What to Do if Hackers Steal Your Online Accounts (NY Times)

Earlier today I tweeted about a great article on the New York Times tech blog What to Do If Hackers Steal Your Online Accounts.

In hindsight, I think the advice in the article is very practical and relevant to just about everyone, thus making it worth sharing via a SLAW post with a far wider audience than just those that follow me on Twitter.

Over the years I have received more than few panicked calls from lawyers that have had their email accounts hacked, and more recently, from a lawyer that lost control of his Facebook page. Email and social media accounts are targeted as they can be used by spammers to send out spam messages or by crooks intent on stealing your identity to gain access to your bank accounts or other personal information.

Getting control of you account back can be difficult as you can’t call or walk down to the corner to deal with a live person. Instead you have to go online and submit information to prove you are the true owner of the account.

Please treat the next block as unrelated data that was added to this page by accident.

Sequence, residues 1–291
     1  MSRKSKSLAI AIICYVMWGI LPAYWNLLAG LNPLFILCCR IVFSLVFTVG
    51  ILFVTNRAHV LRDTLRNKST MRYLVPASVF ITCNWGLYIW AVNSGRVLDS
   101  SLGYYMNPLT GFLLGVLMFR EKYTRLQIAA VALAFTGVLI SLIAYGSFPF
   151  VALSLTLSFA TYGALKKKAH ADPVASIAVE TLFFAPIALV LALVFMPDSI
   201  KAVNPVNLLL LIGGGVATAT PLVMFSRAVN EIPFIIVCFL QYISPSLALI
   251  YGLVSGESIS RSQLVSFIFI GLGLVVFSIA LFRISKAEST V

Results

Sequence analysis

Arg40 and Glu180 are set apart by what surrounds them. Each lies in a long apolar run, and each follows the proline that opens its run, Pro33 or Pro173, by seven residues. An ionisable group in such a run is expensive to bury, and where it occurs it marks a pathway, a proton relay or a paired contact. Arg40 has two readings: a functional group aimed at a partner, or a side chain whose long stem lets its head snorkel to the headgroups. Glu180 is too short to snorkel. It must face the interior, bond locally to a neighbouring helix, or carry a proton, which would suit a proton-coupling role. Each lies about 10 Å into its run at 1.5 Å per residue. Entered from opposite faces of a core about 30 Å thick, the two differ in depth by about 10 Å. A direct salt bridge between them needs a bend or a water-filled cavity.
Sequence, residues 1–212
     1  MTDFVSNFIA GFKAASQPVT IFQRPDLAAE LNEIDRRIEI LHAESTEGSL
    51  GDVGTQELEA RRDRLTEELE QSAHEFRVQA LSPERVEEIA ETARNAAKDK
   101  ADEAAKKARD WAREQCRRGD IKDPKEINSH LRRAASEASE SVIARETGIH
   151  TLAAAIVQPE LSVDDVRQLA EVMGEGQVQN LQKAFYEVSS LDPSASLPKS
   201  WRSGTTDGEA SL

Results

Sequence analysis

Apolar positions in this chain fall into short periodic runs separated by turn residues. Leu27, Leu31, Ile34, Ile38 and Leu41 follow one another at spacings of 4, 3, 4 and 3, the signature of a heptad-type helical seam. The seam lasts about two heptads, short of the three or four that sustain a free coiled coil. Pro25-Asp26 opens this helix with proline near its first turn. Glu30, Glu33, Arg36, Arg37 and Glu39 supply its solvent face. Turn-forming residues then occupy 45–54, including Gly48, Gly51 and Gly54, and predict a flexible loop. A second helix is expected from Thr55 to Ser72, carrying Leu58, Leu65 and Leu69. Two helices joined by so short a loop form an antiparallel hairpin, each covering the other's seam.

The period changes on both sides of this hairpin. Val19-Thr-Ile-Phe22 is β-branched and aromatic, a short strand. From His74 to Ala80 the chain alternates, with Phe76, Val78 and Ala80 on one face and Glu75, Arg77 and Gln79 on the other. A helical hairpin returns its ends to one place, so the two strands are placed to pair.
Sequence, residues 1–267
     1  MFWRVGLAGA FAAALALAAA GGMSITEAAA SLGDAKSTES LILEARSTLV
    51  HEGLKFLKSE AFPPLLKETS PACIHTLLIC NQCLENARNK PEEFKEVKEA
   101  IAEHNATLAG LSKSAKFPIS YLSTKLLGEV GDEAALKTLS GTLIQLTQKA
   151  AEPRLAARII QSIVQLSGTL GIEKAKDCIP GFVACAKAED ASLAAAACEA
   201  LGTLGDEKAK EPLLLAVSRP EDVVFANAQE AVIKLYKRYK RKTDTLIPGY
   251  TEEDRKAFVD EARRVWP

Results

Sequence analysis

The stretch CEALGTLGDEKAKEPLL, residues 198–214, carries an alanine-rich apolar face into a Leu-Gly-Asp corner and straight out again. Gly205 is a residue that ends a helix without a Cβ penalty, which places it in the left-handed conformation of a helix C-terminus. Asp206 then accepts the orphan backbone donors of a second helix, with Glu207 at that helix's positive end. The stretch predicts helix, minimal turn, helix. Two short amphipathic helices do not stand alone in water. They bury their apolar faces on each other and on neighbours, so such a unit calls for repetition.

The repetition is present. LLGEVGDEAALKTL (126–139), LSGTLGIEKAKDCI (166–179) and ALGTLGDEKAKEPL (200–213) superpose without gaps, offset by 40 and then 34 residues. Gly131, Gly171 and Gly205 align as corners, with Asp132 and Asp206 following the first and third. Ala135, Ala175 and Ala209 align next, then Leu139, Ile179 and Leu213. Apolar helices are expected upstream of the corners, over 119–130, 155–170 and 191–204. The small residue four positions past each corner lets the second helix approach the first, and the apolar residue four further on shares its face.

The NY Times article has directions on the steps you need to take to recover your Hotmail, Gmail, Yahoo Mail, Facebook and Twitter accounts. It is worth a read now and you should stash it away in a safe pace (not in your email account!) in case you need to refer to it at some point in the future.

The article ends with some essential advice on protecting your online accounts: use strong passwords, change them often and don’t use the same password for everthing. For more information on the proper use of passwords read Don’t Be Passé With Passwords: Best Practices for Staying Safe, one of my past tips columns from Law Practice Magazine.


  1. Xavier Beauchamp-Tremblay

    I am a bit late reading this, thanks to the important backlog in my RSS feed, but regarding your “Don’t Be Passé With Passwords” article, I can’t stress enough how Lastpass (http://lastpass.com/) has been useful for me for (1) generating secure passwords and (2) securely storing these passwords… while making this as easy as if all my passwords were stored in my browser.

    For people who are reluctant on having all their passwords stored in the cloud, I also recommend Keypass (http://keepass.info/).